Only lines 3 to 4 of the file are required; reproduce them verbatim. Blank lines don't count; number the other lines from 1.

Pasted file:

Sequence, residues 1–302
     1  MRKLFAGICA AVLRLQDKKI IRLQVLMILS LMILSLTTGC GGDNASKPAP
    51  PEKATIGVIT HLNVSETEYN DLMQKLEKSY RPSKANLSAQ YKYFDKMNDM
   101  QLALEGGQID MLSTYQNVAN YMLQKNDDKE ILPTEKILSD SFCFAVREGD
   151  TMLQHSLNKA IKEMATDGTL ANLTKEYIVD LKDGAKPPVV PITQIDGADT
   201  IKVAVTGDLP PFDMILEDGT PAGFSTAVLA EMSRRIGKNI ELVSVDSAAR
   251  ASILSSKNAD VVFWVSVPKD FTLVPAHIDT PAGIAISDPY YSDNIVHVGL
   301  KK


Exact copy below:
    51  PEKATIGVIT HLNVSETEYN DLMQKLEKSY RPSKANLSAQ YKYFDKMNDM
   101  QLALEGGQID MLSTYQNVAN YMLQKNDDKE ILPTEKILSD SFCFAVREGD